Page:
Q: What role can the Income Strategy play in a broader fixed income allocation?
Many investors are seeking income to help meet expenses – a population that will obviously be increasing as baby boomers retire. At the same time, generating a high, sustainable income stream has become much more difficult as yields have fallen and risks have gone up. So, dedicating a portion of your fixed income allocation to an income strategy that actively targets both a consistent distribution and risk management can make a lot of sense. Finally, because the Income Strategy’s investment universe and strategy differ somewhat from that of most core bond funds, it can also serve as a diversifier within an overall fixed income portfolio. Although it’s important to note that diversification can’t guarantee against loss.

Q: What steps are you taking to navigate this uncertainty?
Murata: This is a major focus for PIMCO and our team. Currently, we are very concerned about the negative impact of weak economic conditions and potential downside risks. In addition, we are concerned about the potential volatility that may result from unprecedented monetary policy. Both may have a strong impact on interest rates, and we have a number of tools at our disposal to help us position for and navigate changes caused by this uncertain environment. Among them is the ability to actively manage duration; the strategy has a duration range of zero to eight years, giving us broad latitude to decrease or increase overall interest rate sensitivity based on our economic forecast.

It is also important to recognize that many bonds have the potential to perform well if rates increase. For example, floating rate securities, which are well represented in the portfolio, have coupons that reset to prevailing interest rates and so may actually benefit. And as I mentioned, higher interest rates are typically correlated with robust economic growth and higher home prices, which would be a positive for the portion of the portfolio invested in higher-yielding assets. In addition, under these conditions, higher yields would eventually boost reinvestment rates, potentially resulting in an increased distribution for the strategy over time.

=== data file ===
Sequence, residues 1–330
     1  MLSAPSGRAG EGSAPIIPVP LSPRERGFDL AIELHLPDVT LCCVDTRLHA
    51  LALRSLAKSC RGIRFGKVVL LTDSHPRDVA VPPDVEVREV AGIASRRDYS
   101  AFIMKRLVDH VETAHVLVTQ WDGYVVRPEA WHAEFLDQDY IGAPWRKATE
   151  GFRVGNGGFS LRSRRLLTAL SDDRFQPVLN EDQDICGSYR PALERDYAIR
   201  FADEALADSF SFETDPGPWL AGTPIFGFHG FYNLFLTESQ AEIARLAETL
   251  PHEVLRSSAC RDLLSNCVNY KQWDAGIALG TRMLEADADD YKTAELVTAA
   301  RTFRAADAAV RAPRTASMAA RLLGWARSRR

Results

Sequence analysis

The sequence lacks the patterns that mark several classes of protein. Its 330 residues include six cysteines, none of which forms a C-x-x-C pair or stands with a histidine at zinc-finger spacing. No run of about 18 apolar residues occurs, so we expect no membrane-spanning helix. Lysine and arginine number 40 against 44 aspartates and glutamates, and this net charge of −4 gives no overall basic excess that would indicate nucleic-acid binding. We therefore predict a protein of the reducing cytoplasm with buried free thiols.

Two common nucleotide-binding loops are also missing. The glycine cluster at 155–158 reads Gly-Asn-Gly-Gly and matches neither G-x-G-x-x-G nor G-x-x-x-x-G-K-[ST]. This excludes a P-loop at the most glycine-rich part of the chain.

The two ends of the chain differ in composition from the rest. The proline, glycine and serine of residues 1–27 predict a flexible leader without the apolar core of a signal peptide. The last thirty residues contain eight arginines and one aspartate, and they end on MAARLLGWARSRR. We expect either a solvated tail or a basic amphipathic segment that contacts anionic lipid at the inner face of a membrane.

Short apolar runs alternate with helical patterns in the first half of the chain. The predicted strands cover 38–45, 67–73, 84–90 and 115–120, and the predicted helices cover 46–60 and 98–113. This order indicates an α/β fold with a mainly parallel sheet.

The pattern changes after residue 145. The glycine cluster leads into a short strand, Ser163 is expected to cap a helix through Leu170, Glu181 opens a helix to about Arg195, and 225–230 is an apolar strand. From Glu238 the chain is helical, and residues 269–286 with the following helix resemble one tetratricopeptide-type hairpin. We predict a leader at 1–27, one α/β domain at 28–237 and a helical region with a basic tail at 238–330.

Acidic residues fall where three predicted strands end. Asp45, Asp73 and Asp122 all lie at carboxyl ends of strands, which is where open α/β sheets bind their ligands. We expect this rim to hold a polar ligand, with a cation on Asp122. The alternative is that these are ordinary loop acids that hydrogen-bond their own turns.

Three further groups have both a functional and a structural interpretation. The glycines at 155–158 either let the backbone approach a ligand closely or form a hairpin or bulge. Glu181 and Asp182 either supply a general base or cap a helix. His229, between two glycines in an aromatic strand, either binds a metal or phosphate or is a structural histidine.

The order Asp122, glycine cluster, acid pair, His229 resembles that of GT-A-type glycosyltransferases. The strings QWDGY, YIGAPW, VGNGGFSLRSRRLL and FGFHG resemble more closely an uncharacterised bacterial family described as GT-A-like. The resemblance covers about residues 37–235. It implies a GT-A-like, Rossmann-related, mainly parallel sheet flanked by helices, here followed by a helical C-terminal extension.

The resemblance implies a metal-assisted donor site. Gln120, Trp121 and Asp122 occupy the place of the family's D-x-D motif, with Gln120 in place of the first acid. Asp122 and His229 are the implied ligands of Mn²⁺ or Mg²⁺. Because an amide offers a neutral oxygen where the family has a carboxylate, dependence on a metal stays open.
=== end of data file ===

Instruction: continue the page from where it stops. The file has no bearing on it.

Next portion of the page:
Q: Where are you finding opportunities in the current market environment?
Murata: The Income Strategy’s flexibility and robust credit research infrastructure allow us to invest wherever we identify attractive risk-adjusted opportunities. Given our outlook for continued sluggishness in the global economy, we are targeting securities that have the potential to deliver attractive current income even if weakness persists.

One area that we’re examining closely is U.S. agency mortgage-backed securities, which benefit from backing by an agency such as Fannie Mae. The sector was hit particularly hard during the sell-off in May and June, in large part due to selling by REITs that employ substantial amounts of leverage. As a result, we’re seeing some value there.

The Author

Daniel J. Ivascyn

Group Chief Investment Officer

Alfred T. Murata

Portfolio Manager, Mortgage Credit


All investments contain risk and may lose value. Investing in the bond market is subject to certain risks, including market, interest rate, issuer, credit and inflation risk. Investing in foreign-denominated and/or -domiciled securities may involve heightened risk due to currency fluctuations, and economic and political risks, which may be enhanced in emerging markets. Mortgage- and asset-backed securities may be sensitive to changes in interest rates, subject to early repayment risk, and while generally supported by a government, government-agency or private guarantor, there is no assurance that the guarantor will meet its obligations. Bank loans are often less liquid than other types of debt instruments and general market and financial conditions may affect the prepayment of bank loans, as such the prepayments cannot be predicted with accuracy. There is no assurance that the liquidation of any collateral from a secured bank loan would satisfy the borrower’s obligation, or that such collateral could be liquidated. There is no guarantee that these investment strategies will work under all market conditions or are suitable for all investors and each investor should evaluate their ability to invest long-term, especially during periods of downturn in the market. Investors should consult their investment professional prior to making an investment decision.